The compressed air system is one of the most important systems on the submarine. It is used to blow the ballast tanks, fire torpedoes, pressurize the hydraulic system and to start the main engines. The air system is necessary for the submarine to dive, surface, cruise, and attack. One of the highest priorities upon surfacing is to replenish the compressed air store.
There are five separate air systems on the submarine:
3,000-pound high-pressure and torpedo impulse system. This system consists of the compressors, high-pressure air manifold, interconnecting piping, valves and compressed air storage banks. The main function of this system is to compress, store and supply 3,000 psi air for use within the 3,000 pound, the 600 pound, and the 225 pound systems. This system also supplies air to charge the hydraulic accumulator and to the 600 pound reducers which supply air for the torpedo impulse manifold. This system also has an external charging connection so that it could be supplied with air from an outside source.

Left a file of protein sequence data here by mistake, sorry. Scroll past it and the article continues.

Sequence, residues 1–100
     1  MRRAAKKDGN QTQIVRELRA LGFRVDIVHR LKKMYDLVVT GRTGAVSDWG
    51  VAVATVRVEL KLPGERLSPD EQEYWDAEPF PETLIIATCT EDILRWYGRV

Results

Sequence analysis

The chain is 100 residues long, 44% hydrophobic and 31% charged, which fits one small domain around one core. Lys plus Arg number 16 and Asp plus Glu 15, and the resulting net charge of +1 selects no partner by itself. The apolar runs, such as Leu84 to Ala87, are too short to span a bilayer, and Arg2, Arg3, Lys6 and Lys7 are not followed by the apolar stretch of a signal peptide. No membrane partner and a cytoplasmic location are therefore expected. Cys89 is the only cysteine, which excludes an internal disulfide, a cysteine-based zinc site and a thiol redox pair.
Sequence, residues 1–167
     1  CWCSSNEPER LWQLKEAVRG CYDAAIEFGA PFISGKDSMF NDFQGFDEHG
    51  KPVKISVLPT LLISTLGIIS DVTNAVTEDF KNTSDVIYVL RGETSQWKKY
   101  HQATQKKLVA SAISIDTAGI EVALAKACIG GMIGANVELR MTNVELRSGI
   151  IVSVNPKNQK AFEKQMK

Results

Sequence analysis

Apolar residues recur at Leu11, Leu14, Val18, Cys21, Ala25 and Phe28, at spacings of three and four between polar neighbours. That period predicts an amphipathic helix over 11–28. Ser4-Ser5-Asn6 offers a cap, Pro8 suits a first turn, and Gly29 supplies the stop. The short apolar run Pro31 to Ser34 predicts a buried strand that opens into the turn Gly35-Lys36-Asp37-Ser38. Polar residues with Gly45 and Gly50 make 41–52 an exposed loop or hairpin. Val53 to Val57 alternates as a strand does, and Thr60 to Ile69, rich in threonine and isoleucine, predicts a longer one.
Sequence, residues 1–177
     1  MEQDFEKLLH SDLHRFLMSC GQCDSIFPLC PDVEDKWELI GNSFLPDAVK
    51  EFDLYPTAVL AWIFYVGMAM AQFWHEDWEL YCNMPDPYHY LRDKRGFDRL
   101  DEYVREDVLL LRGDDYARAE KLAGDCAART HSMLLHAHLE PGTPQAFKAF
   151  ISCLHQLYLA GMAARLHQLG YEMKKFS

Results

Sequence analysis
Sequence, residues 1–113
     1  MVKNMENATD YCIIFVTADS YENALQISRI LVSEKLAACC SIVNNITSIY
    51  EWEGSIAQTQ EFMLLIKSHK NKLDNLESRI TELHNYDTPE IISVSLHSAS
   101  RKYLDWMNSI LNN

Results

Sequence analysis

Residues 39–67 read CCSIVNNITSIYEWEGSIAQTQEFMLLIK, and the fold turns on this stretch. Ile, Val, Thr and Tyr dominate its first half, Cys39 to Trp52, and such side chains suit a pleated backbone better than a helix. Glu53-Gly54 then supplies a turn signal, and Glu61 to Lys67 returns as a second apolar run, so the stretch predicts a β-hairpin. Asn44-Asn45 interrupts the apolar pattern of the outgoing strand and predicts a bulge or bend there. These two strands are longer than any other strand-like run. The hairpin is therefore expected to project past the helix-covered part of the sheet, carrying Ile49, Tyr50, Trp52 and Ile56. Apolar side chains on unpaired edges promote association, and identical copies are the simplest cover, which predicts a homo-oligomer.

600-pound main ballast tank blowing system. This system is supplied by the 3,000 pound system and is used to blow water ballast from the main ballast tanks during surfacing of the submarine.
225-pound service air system. Supplied by the 3,000 pound system, the service air system is used to supply air for all the miscellaneous services aboard the submarine.
10-pound main ballast tank blowing system. This system is independent of the first three and is supplied by a Roots-type blower located in the pump room. It is used to conserve the stored compressed air and is used only when the submarine is on the surface after the main air induction valve is opened.
Salvage air system. This system consists of external and internal systems. The external systems allow flooded compartments or tanks to be blown with air from an external source, such as a rescue ship. The internal system uses ship's air and is used for compartment salvage only.